Neighborhood Influences on Girls Obesity Risk Across the Transition to Adolescence

A father walks his daughter and a friend to school along a city street.

For girls, living in a neighborhood with more fast food, convenience stores, litter, and graffiti increased the probability of becoming an obese adolescent.

The Issue:

While rates of childhood obesity have plateaued in the past decade, disparities in adolescent obesity related to socioeconomic status continue. Children living in low-income neighborhoods have less access to physical activity opportunities and more access to fast food and convenience stores than those living in high-income neighborhoods.

 

Researchers hypothesized that immediate neighborhood characteristics would predict obesity of adolescent girls, even after taking into account family and neighborhood socioeconomic status. They measured four neighborhood features: 1) food service and retail, including fast food, convenience stores, and supermarkets; 2) recreation in parks; 3) walkability, including traffic controls; and 4) physical disorder such as garbage, litter, and graffiti.

Key Findings

  • One standard deviation increase on the food service and retail scale was associated with 2.27-fold higher odds of being obese in adolescence.

  • One standard deviation increase on the physical disorder scale was associated with 2.41-fold higher odds of being obese in adolescence.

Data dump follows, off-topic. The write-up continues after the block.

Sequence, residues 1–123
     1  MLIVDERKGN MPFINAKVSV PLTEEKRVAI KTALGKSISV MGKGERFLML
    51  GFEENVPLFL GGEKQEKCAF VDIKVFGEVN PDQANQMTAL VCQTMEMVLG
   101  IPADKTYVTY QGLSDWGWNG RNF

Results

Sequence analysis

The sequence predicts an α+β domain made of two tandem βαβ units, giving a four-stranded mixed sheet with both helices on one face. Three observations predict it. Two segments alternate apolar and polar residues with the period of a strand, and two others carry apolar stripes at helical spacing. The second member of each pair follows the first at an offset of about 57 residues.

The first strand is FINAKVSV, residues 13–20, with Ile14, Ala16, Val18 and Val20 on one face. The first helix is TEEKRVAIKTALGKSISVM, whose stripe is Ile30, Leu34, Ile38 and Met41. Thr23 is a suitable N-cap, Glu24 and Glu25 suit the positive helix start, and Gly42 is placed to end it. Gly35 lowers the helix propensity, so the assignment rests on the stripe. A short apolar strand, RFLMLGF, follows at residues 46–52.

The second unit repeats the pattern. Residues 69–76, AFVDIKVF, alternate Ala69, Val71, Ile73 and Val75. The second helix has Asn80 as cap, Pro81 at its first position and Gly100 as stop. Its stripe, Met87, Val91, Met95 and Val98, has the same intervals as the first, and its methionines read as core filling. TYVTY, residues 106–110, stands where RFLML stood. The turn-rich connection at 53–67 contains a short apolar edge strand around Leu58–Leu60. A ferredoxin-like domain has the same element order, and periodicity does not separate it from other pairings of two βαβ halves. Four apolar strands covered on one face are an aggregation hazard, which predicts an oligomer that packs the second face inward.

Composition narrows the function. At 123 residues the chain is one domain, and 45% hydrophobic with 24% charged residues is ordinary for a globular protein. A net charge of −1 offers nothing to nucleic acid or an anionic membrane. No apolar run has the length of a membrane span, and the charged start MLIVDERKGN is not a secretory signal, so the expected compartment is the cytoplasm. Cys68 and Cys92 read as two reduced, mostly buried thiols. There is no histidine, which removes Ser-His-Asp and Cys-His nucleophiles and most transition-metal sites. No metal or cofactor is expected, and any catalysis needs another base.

• Neither walkability nor recreation features predicted adolescent girls’ obesity risk.

Conclusion:

These findings have important implications for future research, practice, and policy on childhood obesity, highlighting the need to consider neighborhood factors in youths’ most proximal residential environments.

“Future efforts to reduce childhood obesity must address not only individual-level behaviors and family-level practices, but also consider design and planning characteristics of environments that may promote or threaten healthy development,” the authors write.

About the Study:

Data were from participants in the Cohort Study of Young Girls’ Nutrition, Environment, and Transitions (CYGNET Study) in the San Francisco Bay Area at pre-adolescence (age 8 through 10) and four years later.